Once in a while you run across an obscure event from the past that, while astonishing, is mostly forgotten. And so it is with the story I am about to tell you.

In the days of yore, long before Sam Colt patented the .45 pistol that became known as the Peacemaker, there was a bigger gun with the same name that should live on in infamy.

The story begins about 1841 when the keel was laid for a combination sailing and steamship frigate to be christened the Princeton.

The name was given by Robert Stockton, son of a U.S. Senator and grandson of one of the original signers of the Declaration of Independence. Stockton not only named the Princeton after his hometown, but he was a principal designer and the ship’s captain. He also became instrumental in convincing Congress to turn the United States into a global naval power.

After serving with distinction in the war of 1812, Stockton was appointed a commodore in the U.S. Navy. Dreaming of the United States becoming a great sea power, he lobbied Presidents William Henry Harrison and later John Tyler to build what would then be considered a modern fleet – one powered by steam and sail and sporting enormous guns.

The Princeton was the first result of his effort. Though not as large as Stockton wanted, the ship was a wonder for the time – driven by sail and coal-burning, steam-fired propellers, it was clad in iron and was the first Navy ship to have engines below the waterline.

The Princeton was originally designed to carry one 12-inch gun weighing some 10 tons and capable of firing 200-pound projectiles five miles.

The first gun that was ordered was called the Oregon and it was built by the British firm Mersey Iron Works in Liverpool. This was a muzzle loader intended to fire sacks of black powder weighing up to 50 pounds.

To handle the pressure generated by that much powder, the breech of the Oregon was strengthened by encircling it with red hot iron bands that shrank and tightened after cooling. (One account I read said the iron bands were placed after a crack was spotted in initial testing.)

The original design of the ship called for just one big gun but Stockton wanted two so he rushed to design and commission a second gun, the Peacemaker, which was built by Hogg and DeLamater of New York City.

Stockton figured he could skip adding the strengthening bands by simply forging a thicker breech. The result was the Peacemaker, weighing in at 27,000 pounds. It was installed toward the bow of the Princeton with little testing. And this is where the story becomes a horror show.

To promote the ship’s design and lobby for an expanded navy, Stockton steamed the Princeton up the Potomac to the capitol. On Feb. 28, 1844, he invited a crowd of some 400 dignitaries to join him for a cruise down river.

Participants included President John Tyler, members of his cabinet, former first lady Dolley Madison, congressional leaders, members of the diplomatic corps, friends and family members.

To impress his guests Stockton fired the Peacemaker three times (some accounts said two) as he was headed down river, blowing up chunks of winter ice with tremendous splashes.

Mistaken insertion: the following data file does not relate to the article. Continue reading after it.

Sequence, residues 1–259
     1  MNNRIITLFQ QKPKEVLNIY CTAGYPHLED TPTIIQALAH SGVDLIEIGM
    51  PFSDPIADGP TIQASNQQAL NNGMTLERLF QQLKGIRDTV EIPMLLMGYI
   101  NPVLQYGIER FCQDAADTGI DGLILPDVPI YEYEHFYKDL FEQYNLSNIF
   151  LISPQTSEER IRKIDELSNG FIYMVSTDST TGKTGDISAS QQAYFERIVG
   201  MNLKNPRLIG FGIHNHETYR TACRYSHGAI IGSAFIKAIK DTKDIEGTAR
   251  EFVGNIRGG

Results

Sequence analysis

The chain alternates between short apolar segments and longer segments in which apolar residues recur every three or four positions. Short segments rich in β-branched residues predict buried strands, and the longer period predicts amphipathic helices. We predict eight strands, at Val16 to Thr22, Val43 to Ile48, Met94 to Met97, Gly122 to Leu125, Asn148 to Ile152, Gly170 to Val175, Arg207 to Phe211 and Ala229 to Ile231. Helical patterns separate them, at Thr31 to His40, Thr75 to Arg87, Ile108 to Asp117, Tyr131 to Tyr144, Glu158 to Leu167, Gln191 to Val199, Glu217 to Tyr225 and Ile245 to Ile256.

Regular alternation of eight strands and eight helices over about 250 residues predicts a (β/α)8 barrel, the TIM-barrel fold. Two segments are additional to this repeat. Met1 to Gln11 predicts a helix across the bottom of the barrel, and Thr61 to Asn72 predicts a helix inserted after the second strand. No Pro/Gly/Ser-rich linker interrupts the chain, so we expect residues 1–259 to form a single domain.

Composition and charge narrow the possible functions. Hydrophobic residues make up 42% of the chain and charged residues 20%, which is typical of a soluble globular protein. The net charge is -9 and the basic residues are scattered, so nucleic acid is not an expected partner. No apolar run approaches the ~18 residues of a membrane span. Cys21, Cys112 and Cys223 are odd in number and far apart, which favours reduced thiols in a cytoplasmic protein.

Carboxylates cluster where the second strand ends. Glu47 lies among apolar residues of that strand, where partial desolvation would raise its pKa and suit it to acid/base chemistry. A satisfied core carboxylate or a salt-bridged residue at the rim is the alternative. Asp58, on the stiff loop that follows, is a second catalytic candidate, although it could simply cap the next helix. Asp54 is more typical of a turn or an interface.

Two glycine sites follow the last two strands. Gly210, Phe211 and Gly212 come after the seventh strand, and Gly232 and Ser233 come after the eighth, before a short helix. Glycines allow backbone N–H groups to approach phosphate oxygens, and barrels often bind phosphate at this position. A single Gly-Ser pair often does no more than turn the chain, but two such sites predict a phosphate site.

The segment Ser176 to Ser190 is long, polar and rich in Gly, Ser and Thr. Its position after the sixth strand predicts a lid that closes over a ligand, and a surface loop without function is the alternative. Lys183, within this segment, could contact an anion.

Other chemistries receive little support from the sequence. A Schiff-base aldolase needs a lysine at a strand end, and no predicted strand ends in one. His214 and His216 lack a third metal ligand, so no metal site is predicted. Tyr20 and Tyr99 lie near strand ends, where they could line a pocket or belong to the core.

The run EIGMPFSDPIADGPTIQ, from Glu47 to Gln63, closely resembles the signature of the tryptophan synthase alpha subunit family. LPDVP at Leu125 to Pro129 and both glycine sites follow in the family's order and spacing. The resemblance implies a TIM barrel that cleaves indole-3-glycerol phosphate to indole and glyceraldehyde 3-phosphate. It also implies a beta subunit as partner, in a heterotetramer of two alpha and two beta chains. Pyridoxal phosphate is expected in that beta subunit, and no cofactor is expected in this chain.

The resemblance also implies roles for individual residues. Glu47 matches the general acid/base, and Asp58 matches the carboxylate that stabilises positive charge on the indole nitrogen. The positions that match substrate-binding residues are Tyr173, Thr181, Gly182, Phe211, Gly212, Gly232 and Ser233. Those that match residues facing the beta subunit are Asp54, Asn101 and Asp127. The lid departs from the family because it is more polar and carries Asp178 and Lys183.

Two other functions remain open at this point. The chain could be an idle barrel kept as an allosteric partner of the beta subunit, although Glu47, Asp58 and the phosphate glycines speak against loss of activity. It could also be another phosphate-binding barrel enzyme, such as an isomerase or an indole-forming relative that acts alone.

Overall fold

A fourth firing was set as a salute to George Washington as the ship turned around at Mount Vernon, about 13 miles downriver from the capitol.

When Stockton touched off the fourth shot, disaster struck. The left side of the breech blew out, spraying red hot shrapnel through the crowd. It decapitated Secretary of the Navy Thomas Gilmer, just 10 days on the job, and also killed Secretary of State Abel Upshur, second in command Capt. Beverley Kennon and prominent lawyer Virgil Maxcy. Two sailors and Tyler’s black valet, a slave, also were killed. Up to 20 others were reported injured, including Stockton. Tyler had gone down to have lunch and was not injured.

Another of those killed was wealthy New York businessman David Gardiner. He apparently was invited because Tyler, 54 and widowed, was trying to convince Gardiner’s 20-year-old daughter Julia to marry him. Julia’s mom initially refused the marriage because of the age difference but it was Tyler who comforted and carried the grief stricken Julia off the ship after the death of her father. The mom eventually relented and the two eventually were married.

Now you might have thought some heads, like Stockton’s, would roll as a result of the tragedy. That didn’t happen, thanks partly to a proclamation from Tyler to the effect that, “Stuff happens.”

Stockton was cleared of any wrongdoing and the Swedish engineer that helped him design the Princeton and the British made gun, declined to come to Washington to testify. The government moved on, leaving Stockton, once recovered, in command of the Princeton.

Stockton took the ship to Galveston, and the Princeton played a key role during the Mexican-American War.

Stockton then sailed for California where he commanded a small fleet that took Los Angeles. He also assisted in the capture of San Diego, becoming the second military governor of California. The city of Stockton is named after him.

Stockton resigned from the Navy in 1850, the year California became a state, and the following year he was elected a U.S. senator from New Jersey.

Somehow in my high school and college history classes I managed to miss this story and my guess is you did too. I hope you found it as fascinating as I did.

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